Jessica Barraco: Moving Through Motherless Milestones

Jessica Barraco
photo via Jessica Barraco

As Jessica Barraco says in the book trailer to her memoir, The Butterfly Groove, she always knew who her mother was—but because her mother had died when Jessica was still a young girl, there were many unanswered questions about the past that had made her who she was… and that’s what Jessica set out to investigate. In this guest essay, she explains how she hasn’t just filled out her understanding of her mother’s life; she’s also gained a richer understanding of how her mother continues to be a presence in her own life.

One year for a birthday present, someone gave me a vintage album of my mom’s favorite song: “Cherry Bomb” by John Mellencamp. It was beautiful, and such a collector’s item. The original recording happened to take place during the year and month I was born: August of 1987. It was meant to be a sweet gesture, but the truth was, my heart sunk and my eyes filled with tears, and I couldn’t understand how such a nice gesture could make me feel so distraught. The whole next day, I learned a harsh reality to losing my mom at twelve years old: Every happy moment in my life will be bittersweet. No matter the joy, it will inevitably sink in that my mother will not be there to enjoy whatever it is with me; to see me grow, to watch me smile; and that no matter how you slice it, that is so very sad.

Always being an ambitious person both personally and professionally, I often pictured milestones: my first job, book release, wedding, birth of my children. And I can’t think of any of these moments without seeing the obligatory empty chair that my mom should be filling. The daily phone call I don’t get to make that so many others take for granted. The reassuring glance I have almost forgotten. I can get easily overwhelmed imagining any one of these moments.

My mom passed away sixteen years ago after suffering from cancer and its horrendous complications for nearly twenty years of her life, and for all of mine. I learned a lot about my mom while researching and writing The Butterfly Groove, but I was also able to imagine how she handled her own life’s milestones. I am comforted by now knowing the true series of events in her life that I wasn’t aware of previously. Along with the truth, I was fortune enough to learn how these experiences both inspired and influenced her choices: whether positively, negatively, or seemingly not at all. I call it learning the emotional genealogy of a person. I always knew where I came from, but I wanted to know from whom I came from.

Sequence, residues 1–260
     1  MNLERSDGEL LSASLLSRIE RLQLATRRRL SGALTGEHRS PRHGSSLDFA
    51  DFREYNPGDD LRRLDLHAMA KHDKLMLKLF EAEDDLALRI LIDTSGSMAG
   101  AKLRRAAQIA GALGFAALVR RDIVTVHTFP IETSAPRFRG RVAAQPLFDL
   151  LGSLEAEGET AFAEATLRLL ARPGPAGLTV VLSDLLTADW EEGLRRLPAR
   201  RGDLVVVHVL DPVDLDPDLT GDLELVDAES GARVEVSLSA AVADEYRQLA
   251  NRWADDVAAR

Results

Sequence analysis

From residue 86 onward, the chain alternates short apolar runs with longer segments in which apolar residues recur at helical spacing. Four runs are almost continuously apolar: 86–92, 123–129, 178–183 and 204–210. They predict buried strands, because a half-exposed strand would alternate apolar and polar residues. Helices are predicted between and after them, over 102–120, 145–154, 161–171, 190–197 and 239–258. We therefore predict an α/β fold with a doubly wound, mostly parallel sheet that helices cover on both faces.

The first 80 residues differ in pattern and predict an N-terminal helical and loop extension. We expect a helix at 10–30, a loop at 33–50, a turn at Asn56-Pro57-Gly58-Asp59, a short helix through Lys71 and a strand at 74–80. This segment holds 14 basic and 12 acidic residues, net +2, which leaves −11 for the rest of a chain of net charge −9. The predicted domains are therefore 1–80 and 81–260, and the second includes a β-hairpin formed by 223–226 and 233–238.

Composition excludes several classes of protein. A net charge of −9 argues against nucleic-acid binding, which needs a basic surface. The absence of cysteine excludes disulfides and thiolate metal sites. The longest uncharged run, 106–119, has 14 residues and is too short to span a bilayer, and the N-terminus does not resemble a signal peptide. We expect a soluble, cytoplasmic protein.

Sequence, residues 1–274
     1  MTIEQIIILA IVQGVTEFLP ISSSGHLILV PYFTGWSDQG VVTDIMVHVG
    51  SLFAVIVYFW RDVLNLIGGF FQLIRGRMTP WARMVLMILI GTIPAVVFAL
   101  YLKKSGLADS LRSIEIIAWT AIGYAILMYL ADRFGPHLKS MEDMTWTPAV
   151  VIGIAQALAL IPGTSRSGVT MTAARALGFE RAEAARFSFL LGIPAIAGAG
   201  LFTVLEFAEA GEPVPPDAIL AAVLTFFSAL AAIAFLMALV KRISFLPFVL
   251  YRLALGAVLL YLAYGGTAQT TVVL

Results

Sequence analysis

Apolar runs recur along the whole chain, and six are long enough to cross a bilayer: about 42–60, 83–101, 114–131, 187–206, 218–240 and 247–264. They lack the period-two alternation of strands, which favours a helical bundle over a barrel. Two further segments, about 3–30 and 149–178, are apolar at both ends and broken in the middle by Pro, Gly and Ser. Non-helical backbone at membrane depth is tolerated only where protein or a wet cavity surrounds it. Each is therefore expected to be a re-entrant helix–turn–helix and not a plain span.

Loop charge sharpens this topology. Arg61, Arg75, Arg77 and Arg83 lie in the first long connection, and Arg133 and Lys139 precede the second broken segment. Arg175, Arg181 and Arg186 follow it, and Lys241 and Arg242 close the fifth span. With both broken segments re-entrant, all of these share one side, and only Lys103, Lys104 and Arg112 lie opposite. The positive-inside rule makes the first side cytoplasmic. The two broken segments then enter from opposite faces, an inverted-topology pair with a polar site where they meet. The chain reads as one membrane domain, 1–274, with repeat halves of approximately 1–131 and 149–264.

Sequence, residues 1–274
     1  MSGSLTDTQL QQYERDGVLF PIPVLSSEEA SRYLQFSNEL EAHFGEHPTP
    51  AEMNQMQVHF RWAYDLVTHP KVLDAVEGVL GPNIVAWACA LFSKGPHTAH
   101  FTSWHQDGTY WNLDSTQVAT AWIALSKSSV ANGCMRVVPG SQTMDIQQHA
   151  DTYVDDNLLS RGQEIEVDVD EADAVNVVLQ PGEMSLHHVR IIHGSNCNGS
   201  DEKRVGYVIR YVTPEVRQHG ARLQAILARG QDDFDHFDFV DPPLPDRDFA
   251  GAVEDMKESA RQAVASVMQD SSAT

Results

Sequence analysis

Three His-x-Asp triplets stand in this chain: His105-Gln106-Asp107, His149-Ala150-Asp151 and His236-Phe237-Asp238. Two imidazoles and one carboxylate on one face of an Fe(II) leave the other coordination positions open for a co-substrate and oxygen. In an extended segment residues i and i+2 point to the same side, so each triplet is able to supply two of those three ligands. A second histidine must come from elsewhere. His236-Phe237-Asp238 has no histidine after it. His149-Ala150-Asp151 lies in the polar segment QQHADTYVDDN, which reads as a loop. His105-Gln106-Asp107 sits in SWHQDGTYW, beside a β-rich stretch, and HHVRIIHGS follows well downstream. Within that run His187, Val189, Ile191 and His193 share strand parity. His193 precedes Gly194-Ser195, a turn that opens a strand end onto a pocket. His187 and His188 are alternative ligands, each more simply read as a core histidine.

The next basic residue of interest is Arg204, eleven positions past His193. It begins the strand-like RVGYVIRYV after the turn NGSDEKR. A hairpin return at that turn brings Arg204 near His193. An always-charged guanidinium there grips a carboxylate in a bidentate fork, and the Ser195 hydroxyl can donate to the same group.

I have found as my life moves closer to “we” instead of I; as my own family grows, it is inexplicably more difficult to deal with loss. Love has a psychological correlation to loss, and anyone who isn’t aware of that and has suffered a great loss, should realize that now. Your brain can try to fool you into thinking the sadness should mask the joy. But the key is to finding the medium of emotion between those two feelings, and sometimes even getting ahead of them. Being aware that the bittersweet feelings are likely to come, can help in the moment of joy. You never really know for sure until the moment passes. I will find out soon enough at my wedding, taking place later this year.

I always struggle with the sad reality that not everyone you love will live during the same years, and be in the same time and space when you become the next version of yourself—a husband, a wife, a mom, a dad, a teacher, an aunt, an uncle. But those people have helped make you who you are, so that you could be in this moment, so again, it goes back to not who’s missing, but who has been there and who is there now. They’re equally important.

I find this very part of me makes me a very logical individual. I am immediately able to see the heart of a situation. I am able to find a solution, not make problems in matters of life. I don’t sweat the small stuff. My head defaults to, “At least I am alive, at least I can be at this place.” Compared to all of the many individuals who I wish could be there for me, but are not in this realm.

I will never accept that it is fair that my mom will be missing from my upcoming wedding, and since in highly emotional situations it’s easy to get overwhelmed and distracted from the present moment, I am going to honor her by filling that empty chair in the front row I have always dreaded, with a dozen roses to remind myself, and my guests, that I have a mom, and she is here—and her exact location is not important. What’s important is what I gained from being her daughter, and how that has influenced my true journey to reach this milestone. And that makes me smile.

2 November 2015 | guest authors |